WASHINGTON — U.S. Senators Ben Cardin (D-Md.), Kevin Cramer (R-N.D.), Bob Casey (D-Penn.), John Kennedy (R-La.), Sheldon Whitehouse (R-R.I.), and Joni Ernst (R-Iowa), today signed on as cosponsors to the STOP Surprise Medical Billing Act, bringing the total cosponsors of the legislation to 14 senators. They join U.S. Senators Bill Cassidy (R-La.), Michael Bennet (D-Colo.), Todd Young (R-Ind.), Maggie Hassan (D-N.H.), Lisa Murkowski (R-Alaska), Tom Carper (D-Del.), Dan Sullivan (R-Alaska) and Sherrod Brown (D-Ohio). Previous legislation was introduced in September by Senators Cassidy, Bennet, Young, and Carper; and last Congress by Senator Hassan.
“Patients facing an emergency health situation should not be doubly traumatized when they receive a bill for services,” said Senator Cardin. “I’m pleased to join this bipartisan effort.”
“Patients should be the reason for the care, not an excuse for the bill,” said Dr. Cassidy. “It’s exciting to see more of our Senate colleagues joining our effort to put patients first and end surprise medical billing.”
“Surprise medical billing is a convoluted process that leaves patients confused and their checking accounts emptied,” said Senator Cramer. “I am joining this bipartisan group of senators in supporting the STOP Surprise Bills Act because we need to protect patients’ pocketbooks and to ensure they are treated fairly, especially when they are most vulnerable.”
“This legislation protects patients and their pocketbooks from out-of-network bills. Having a medical procedure is stressful enough without getting hit with a surprise bill afterward. I’m happy to join legislation that helps patients,” said Senator Kennedy.
“The complexity of our health care system too often results in unexpected out-of-pocket expenses for patients,” said Senator Whitehouse. “I’m glad to join this bipartisan measure to ensure patients can focus on recovering from a health crisis without the looming worry of a surprise, life-altering medical bill arriving in the mail.”
“Throughout my 99 County Tour, I consistently hear from Iowans about the rising costs of healthcare, including many who receive unexpected bills following a visit to their doctor or hospital,” said Senator Ernst. “Hard-working folks in Iowa, and across the country, should be able to focus on getting the care they need, instead of negotiating surprise medical bills. This bipartisan legislation will increase transparency and protect patients from burdensome medical expenses.”
Click here to see the section-by-section.
The STOP Surprise Medical Bills Act addresses three scenarios in which surprise medical billing (also known as “balance billing”) would be prohibited:
- Emergency services: The bill would ensure that a patient is only required to pay the in-network cost-sharing amount required by their health plan for emergency services, regardless of them being treated at an out-of-network facility or by an out-of-network provider.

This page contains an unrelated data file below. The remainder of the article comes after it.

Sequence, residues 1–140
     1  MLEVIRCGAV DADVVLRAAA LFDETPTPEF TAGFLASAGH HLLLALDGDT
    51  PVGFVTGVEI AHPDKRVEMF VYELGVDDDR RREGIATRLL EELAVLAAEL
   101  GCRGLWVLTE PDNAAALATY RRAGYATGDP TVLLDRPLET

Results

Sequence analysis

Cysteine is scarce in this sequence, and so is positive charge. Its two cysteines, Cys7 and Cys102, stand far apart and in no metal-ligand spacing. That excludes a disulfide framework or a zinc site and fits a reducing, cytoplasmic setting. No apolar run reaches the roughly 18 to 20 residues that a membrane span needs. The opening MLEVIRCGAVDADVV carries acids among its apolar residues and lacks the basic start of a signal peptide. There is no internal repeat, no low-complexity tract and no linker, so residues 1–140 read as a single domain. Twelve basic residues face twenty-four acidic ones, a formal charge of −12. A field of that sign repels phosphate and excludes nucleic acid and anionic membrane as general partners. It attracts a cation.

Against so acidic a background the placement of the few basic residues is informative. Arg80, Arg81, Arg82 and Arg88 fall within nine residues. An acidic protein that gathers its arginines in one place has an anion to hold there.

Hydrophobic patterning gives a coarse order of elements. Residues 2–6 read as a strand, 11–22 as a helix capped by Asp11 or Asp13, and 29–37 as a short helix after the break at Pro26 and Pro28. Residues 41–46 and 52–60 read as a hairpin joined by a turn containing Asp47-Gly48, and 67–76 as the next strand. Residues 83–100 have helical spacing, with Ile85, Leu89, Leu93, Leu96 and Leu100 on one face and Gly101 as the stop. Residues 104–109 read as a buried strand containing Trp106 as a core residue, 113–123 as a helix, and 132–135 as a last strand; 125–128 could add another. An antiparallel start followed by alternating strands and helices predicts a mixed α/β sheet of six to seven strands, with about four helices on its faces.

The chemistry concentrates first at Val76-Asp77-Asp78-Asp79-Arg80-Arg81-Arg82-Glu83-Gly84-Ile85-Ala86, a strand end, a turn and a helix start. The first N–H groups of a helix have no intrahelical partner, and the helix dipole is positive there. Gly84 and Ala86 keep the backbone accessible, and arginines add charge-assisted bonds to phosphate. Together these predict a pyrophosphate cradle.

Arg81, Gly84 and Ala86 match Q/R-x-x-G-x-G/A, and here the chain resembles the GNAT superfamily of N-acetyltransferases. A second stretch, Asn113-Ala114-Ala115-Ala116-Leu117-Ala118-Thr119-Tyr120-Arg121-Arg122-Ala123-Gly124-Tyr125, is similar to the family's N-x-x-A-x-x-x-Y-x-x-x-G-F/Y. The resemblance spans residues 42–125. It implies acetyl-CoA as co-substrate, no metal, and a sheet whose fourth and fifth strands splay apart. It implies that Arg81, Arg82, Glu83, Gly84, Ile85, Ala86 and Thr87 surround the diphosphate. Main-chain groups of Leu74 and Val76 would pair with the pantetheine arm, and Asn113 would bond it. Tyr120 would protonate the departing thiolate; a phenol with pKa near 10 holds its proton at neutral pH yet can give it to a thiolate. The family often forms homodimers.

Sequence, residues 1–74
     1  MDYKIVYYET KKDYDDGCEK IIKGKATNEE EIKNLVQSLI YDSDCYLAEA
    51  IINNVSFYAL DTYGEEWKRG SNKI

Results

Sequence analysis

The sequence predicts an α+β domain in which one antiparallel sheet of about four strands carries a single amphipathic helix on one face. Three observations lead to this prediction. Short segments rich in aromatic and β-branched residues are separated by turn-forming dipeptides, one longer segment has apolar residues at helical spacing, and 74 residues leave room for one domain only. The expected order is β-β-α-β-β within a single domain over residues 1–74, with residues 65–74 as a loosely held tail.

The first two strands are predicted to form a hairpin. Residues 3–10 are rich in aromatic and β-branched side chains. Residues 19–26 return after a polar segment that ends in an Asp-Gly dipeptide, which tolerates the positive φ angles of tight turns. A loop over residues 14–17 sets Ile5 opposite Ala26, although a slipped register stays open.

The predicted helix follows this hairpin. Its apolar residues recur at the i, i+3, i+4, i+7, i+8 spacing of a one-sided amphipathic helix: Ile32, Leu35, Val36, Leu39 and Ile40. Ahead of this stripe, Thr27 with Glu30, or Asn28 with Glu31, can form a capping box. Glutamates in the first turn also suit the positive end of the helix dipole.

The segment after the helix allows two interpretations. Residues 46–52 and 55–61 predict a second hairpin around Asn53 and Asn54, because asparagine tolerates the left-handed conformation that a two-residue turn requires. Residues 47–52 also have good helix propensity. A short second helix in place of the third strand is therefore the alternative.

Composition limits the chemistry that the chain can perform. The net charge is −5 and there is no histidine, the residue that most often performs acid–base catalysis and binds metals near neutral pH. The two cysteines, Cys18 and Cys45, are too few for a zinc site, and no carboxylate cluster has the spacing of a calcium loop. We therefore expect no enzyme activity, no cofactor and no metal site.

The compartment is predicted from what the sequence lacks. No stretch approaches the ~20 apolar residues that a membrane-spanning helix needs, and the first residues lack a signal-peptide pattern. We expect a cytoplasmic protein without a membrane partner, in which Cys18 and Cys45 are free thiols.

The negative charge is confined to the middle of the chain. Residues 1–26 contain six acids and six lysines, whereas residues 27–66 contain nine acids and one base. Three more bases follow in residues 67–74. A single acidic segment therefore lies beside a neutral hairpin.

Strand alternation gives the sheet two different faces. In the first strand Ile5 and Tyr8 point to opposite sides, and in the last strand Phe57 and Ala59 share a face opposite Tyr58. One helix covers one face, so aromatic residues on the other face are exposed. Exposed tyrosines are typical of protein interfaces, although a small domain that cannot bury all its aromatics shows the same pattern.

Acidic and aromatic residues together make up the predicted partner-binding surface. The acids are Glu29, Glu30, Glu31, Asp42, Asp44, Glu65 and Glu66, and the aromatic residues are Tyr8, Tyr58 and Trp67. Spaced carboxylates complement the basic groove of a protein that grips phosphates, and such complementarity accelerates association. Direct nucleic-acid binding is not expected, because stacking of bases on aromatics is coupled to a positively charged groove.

- Non-Emergency services following an emergency service at an out-of-network facility: This bill would protect patients who require additional health care services after receiving emergency care at an out-of-network facility, but cannot be moved without medical transport from the out-of-network facility.
- Non-Emergency services performed by an out-of-network provider at an in-network facility: The bill would ensure that patients owe no more than their in-network cost sharing in the case of a non-emergency service that is provided by an out-of-network provider at an in-network facility. Further, patients could not receive a surprise medical bill for services that are ordered by an in-network provider at a provider’s office, but are provided by an out-of-network provider, such as out-of-network laboratory or imaging services.
Providers would automatically be paid the difference between the patient’s in-network cost-sharing amount and the median in-network rate for these services, but providers and plans would have the opportunity to appeal this payment amount through an independent dispute resolution process, should they see fit. This “baseball-style” process would entail the plan and provider submitting offers to an independent dispute resolution entity that has been certified by the Secretaries of HHS and the Department of Labor. This entity would make a final decision based upon commercially-reasonable rates for that geographic area.
The patient is completely removed from this process between the provider and the plan, and regardless of any outcome from a dispute resolution process, the patient still only owes the in-network rate. States that have established an alternate mechanism for protecting patients and determining payment amounts for providers would be able to continue with those systems.
A study from the Georgetown University Health Policy Institute reviewed the implementation of a similar law to address surprise medical billing in New York. New York’s law takes patients out of the middle of payment disputes between providers and plans and uses a “baseball-style” approach to settle payment disputes when the providers and plans can’t reach an agreement on their own.
The study found that state officials have seen a “dramatic” decline in consumer complaints about surprise medical billing since the law went into effect, that independent arbitrator decisions were essentially even between plans and providers, and that the vast majority of cases were resolved before needing to go to arbitration. The study points out that the state law does not cover ERISA plans, underscoring the need for federal action.